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Down In Flames places each player in the cockpit of a fighter as they enter combat against other aircraft. By playing cards, you gain advantageous positions on your targets, fire your guns, launch your missiles, and send them down in flames!
The game is based on a unique action-reaction card mechanic. Each card can be countered by specific other cards. At the bottom of every card is the list of cards it is allowed to cancel. This makes for exciting card play back and forth between players…
Player #1: “I Play an In My Sights. If you don’t stop it, you’re going down.”
Player #2: “I counter with a Barrel Roll.”
Player #1: “I react with a Yo-Yo.”
Player #2: “You got me.”
Each aircraft is accurately simulated with several ratings including: Performance (the maximum cards you can hold), Thrust and Afterburner (the maximum cards you can draw each turn), Guns (how good your gun is), Electronic Warfare (your passive dfensive electronics capability), Counter-Measures (your active defensive electronics capability), and missiles (the number and types of missiles you carry).
The air combat is simulated using a Positioning system that allows aircraft to be Advantaged, Tailing, Disadvantaged, or Tailed in relation to other aircraft. An aircraft’s position determines if it can attack, and which types of missiles it can launch.
The game uses a simple Altitude system to add this vital aspect of air combat. Aircraft get to draw cards when diving, and must discard cards when climbing.
So, how do missiles work in Down In Flames?
In most air combat games, the game grinds to a halt when a missile is launched. Charts must be referenced, complex calculations must be performed, etc. Not so in Down In Flames!
There are 2 types of missiles: Heat Seeking and Radar Homing. Heat Seeking missiles do better when fired from behind the target, and Radar Homing do better when fired from in front of the target. Each missile draws a mini-hand of cards when launched. The number of cards it gets is based on your Position and the EW rating of the target.
The targeted played must play cards to defeat your missile’s hand or get destroyed.
Here’s a example…
My Israeli F-4 Phantom is on the tail of an Iraqi F-1EQ. I play a Tone card. The opposing player looks through his hand for a card that will respond to a Tone card. He plays a Break card. I respond with a Break of my own. He does not respond. I now have a choice. I can choose to launch a missile or not. I look at my Israeli F-4 card and see that I have 2 Shafrir II missile counters. He might be bluffing. Maybe he has a great card that will defeat my missile shot once it’s off the rail. I decide to take a chance and launch one at him. I move a missile counter from my F-4, place it by his F-1, and declare “Missile Launch!”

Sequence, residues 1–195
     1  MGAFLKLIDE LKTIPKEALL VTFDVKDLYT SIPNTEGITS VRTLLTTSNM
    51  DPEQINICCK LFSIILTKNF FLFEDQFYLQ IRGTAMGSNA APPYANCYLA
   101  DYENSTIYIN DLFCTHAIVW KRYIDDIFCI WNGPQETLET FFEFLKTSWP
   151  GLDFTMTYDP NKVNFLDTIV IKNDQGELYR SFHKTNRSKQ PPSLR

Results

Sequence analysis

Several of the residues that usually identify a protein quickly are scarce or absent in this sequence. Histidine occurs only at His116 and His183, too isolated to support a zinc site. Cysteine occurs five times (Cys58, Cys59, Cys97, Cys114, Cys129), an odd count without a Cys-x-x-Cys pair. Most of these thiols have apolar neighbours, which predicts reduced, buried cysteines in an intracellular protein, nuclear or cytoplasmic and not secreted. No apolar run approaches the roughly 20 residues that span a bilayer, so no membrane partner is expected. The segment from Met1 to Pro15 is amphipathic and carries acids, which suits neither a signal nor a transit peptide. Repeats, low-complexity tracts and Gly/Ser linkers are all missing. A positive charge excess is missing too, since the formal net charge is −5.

I draw a hand of cards for my missile. From the Tailing position, the missile gets 3 cards. However, his F-1 has an Electronic Warfare (EW) rating of 1. So I only draw 2 cards. All missile attacks also have an inherent “Missile” card that is the first card always played for them.
I declare “Missile”. He responds by discarding one of his two Counter-Measures counters from his F-1. Counter-Measures will respond to Tone and Missile cards. I reply with a Scissors from my missile hand to defeat the Counter-Measures. He searches his hand in desperation, but does not have a card to play in response to my Scissors. My Shafrir explodes in his tail pipe, sending him, Down In Flames!
The game also includes Bombers that are used in the historical campaign games.
100 Full color Action Cards
120 Full Color Aircraft Cards
Full Color 24 Page Rulebook
Full Color Counter Sheet
Full Color Campaigns
Full Color Player Log Sheet
Scheduled Aircraft Cards:
A-4C Skyhawk, Dagger A, Mirage III
A-4N Skyhawk, Nesher S, Mirage III, F-4 Phantom, F-16, F-15
A-6 Intruder, A-7 Corsair II, F/A-18 Hornet, F-14 Tomcat, F-15 Eagle, F-16 Fighting Falcon, F-22 Raptor, F-4 Phantom, Harrier, F-86, F-100, F-104, F-5, F-80
MiG-15, MiG-17, MiG-19, MiG-21, MiG-23, MiG-25, MiG-29, Su-22M, Su-27
FRANCE Mirage 2000, F-1
Vietnam (Rolling Thunder)
The aircraft and campaign list is still a work in progress. In the end, there will be at least 55 different types of aircraft totaling 110 cards, and at least 6 campaigns.
|Publisher||Dan Verssen Games|